David said in Psalm 42:4 -- "When I remember these things, I pour out my soul in me: for I had gone with the multitude, I went with them to the house of God, with the voice of joy and priase, with a multitude that kept holyday." David was experiencing a time of real spiritual depression. Do you know what one of the signficant things that got him through that time was? It was remembering the times he had gone to CORPORATE worship and MET GOD THERE!

This week, one of the guys in our church was a real encouragement to me. He remembered a key phrase from my last sermon and he was starting to evaluate the activities in his life not on the basis of whether anything was wrong with them, but by asking "what's right with this activity?" It was helping him learn to select the excellent instead of just the good. He was growing in spiritual discernment. That excites me as a pastor and as a man when I see other men actually putting the Word of God into practice in their lives. But I can tell you from 30 years of pastoral experience that most people in most churches don't remember what the sermon was about by the time they've finished lunch.

I spoke recently with a relative that was on his way back to Haiti. They found 300,000 dead after the earthquake, but that many more are still missing. On the grounds of their church there, 2500 people sleep on the ground outside the church covering themselves with plastic at night. They wear pretty much the same thing every day except for Sunday. But on Sunday, these people--with no homes, with significant family loss, and with seemingly little hope--put on their Sunday best to go to church. Men in sweltering heat in Haiti wear a suit and tie. Women and children don the best clothes they have. Why? Because they believe that they are going to meet with God. They believe they need to show reverence for the One with whom they are to meet. They don't chit-chat in church. They don't whisper little phrases back and forth to their spouse or their buddies. They hang on every bit of the Word of God that comes from the preacher's mouth as he reads and then expounds upon Scripture.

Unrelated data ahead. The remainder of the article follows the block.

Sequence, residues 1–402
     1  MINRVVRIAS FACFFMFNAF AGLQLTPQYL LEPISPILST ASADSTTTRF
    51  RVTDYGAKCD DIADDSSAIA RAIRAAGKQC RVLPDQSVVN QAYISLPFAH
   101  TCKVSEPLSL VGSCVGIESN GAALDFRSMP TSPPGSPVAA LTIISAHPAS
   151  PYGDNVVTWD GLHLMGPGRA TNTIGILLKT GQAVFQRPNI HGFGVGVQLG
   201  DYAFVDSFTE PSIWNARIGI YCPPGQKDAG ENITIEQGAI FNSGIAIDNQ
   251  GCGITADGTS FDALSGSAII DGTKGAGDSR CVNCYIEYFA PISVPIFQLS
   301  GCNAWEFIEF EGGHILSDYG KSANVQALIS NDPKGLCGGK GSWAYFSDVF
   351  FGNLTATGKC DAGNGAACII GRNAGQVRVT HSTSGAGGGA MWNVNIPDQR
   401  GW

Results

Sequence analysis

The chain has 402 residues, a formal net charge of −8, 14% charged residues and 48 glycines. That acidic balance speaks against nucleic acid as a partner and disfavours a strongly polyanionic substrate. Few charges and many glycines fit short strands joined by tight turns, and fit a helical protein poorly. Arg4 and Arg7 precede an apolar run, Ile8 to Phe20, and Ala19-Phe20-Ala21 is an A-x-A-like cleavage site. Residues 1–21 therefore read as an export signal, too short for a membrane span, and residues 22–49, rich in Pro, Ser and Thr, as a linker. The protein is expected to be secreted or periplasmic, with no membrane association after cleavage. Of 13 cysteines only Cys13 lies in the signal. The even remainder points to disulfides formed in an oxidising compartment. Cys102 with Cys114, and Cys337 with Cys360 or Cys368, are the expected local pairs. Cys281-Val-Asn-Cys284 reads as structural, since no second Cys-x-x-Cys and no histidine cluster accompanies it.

Isn't it interesting that those who have seemingly little blessings will have more to remember in their times of depression? They will remember that they basked in the presence of God. Is it not also interesting that those with air conditioned homes, comfortable recliners, a plethora of restaurants catering their culinary delights can go to the house of God and treat the time of worship with such familiarity? Where are you on that continuum? Are you -- am I -- missing something massively important because I fail to see corporate worship for what it was meant to be? Or in my soul can I be a part of God's people gathering around the center of the camp where the Shekinah pillar of fire burns brightly in the midst of the dark word? Can I wait there quietly and expectantly for what God will say? Will I respond joyfully and sing a response from my heart that comes from the depths of my soul -- instead of singing words from a hymal and then 30 seconds later not even realize what I sang?

May God help us to gather around the Shekinah fire again. May we regain the sense of awe and majesty that God deserves. God help us.

Robert Rohlin Robert Rohlin